"Today's forecast has swung back a bit in a colder direction. CONUS GWHDDs are up 2.7 to 70.9 for the period. Forecast confidence is near average today based on reasonably good large-scale model agreement. However, there is localized uncertainty along a meandering arctic cold front across the northern Plains, Midwest and Northeast as there may be a sharp contrast in air masses.
"There are risks in either direction. The upper Midwest, Great Lakes and Northeast have a slight risk to the colder side given the proximity to the polar vortex. The interior West, central and southern U.S. could run a touch warmer during the front half of the period."
Analysts following fundamental parameters don't see much in the way of either reduced production or further increases in demand from coal-to-gas switching. "This market is still consolidating at around the middle of last week's trading range, but we still see breakout of recent parameters to the down side given the market's ongoing challenge of advancing in the face of a near-record supply level," said Jim Ritterbusch of Ritterbusch and Associates in a Tuesday morning note to clients.
"Although the EIA is likely to report a couple of storage draws this week and next, the total decline will likely fall short of 20-25 Bcf and wouldn't be far removed from usual seasonal tendencies. As a result, supply will remain at a near-record level and not far below the 2.5 Tcf area. With the weather factor diminishing in importance and with the huge supply fully discounted, market focus is shifting to production and electric generation demand.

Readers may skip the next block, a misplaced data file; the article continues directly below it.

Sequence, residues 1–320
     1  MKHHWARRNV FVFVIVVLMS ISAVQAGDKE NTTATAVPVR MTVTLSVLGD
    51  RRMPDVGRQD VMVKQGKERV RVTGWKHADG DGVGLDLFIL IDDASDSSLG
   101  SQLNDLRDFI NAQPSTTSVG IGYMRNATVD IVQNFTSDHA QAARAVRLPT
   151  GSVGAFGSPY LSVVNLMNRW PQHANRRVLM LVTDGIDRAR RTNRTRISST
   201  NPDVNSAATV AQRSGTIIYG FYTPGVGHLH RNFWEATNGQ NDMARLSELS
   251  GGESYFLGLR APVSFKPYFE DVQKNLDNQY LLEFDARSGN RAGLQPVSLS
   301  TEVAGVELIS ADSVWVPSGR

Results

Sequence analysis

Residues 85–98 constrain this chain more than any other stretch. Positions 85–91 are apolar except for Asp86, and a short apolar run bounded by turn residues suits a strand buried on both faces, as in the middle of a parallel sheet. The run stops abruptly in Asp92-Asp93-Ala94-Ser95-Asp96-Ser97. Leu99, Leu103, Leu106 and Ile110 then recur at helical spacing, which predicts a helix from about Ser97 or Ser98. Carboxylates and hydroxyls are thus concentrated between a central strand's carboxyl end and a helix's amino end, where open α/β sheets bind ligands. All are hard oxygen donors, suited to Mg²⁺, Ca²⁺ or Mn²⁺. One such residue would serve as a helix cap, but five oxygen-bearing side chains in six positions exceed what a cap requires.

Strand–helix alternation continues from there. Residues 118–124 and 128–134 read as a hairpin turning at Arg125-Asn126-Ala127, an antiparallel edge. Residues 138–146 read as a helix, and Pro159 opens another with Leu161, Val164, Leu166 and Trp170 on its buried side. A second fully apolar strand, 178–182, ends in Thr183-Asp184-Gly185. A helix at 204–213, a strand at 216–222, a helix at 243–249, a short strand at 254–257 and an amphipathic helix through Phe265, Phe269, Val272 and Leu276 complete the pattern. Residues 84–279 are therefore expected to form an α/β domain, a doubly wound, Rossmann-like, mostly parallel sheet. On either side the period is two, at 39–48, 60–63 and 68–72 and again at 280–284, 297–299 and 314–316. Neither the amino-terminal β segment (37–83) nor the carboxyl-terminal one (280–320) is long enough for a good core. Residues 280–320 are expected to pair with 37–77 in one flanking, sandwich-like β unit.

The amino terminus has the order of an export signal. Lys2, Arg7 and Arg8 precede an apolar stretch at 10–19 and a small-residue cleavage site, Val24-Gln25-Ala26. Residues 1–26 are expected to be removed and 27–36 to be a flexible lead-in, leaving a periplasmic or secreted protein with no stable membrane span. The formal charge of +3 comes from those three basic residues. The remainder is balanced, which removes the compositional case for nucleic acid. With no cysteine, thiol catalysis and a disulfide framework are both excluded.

"Although output is seeing some ongoing slippage as some pass through from the plunge in rig counts is slowly developing, shifts have thus far been unable to force production below year ago levels. More output decline will be required if any balance between supply and off take is to be seen anytime soon. Meanwhile, electric generation demand is showing difficulty in advancing to above year ago levels despite price induced coal to gas displacement. It appears that the bulk of this substitution has already been seen and that additional demand electric generation gains off of this factor could prove arduous."
It was a mixed bag in physical market trading. Next-day prices firmed but with little help from power prices or near-term temperature outlooks. AccuWeather.com forecast that New York City's Tuesday high of 53 degrees would rise to 55 Wednesday and reach 66 by Thursday. The normal high in New York this time of year is 55. Chicago's Tuesday high of 55 was seen reaching 61 Wednesday and holding 60 on Thursday. The seasonal high in the Windy City is 53.
Gas at the Algonquin Citygate added 20 cents to $1.76, and deliveries to Iroquois, Waddington rose 9 cents to $1.96. Gas on Tenn Zone 6 200L eased 6 cents to $1.94.
Parcels on Alliance were seen flat at $1.77, and Chicago Citygate gas came in at $1.83, up 2 cents. Gas on Consumers changed hands 2 cents higher at $1.81, and deliveries to Michigan Consolidated added 2 cents to $1.82.
Market hubs were solid. The Henry Hub was quoted at $1.77, up 4 cents, and gas on El Paso Permian rose 3 cents to $1.59. Gas at the PG&E Citygate gained a penny to $1.90.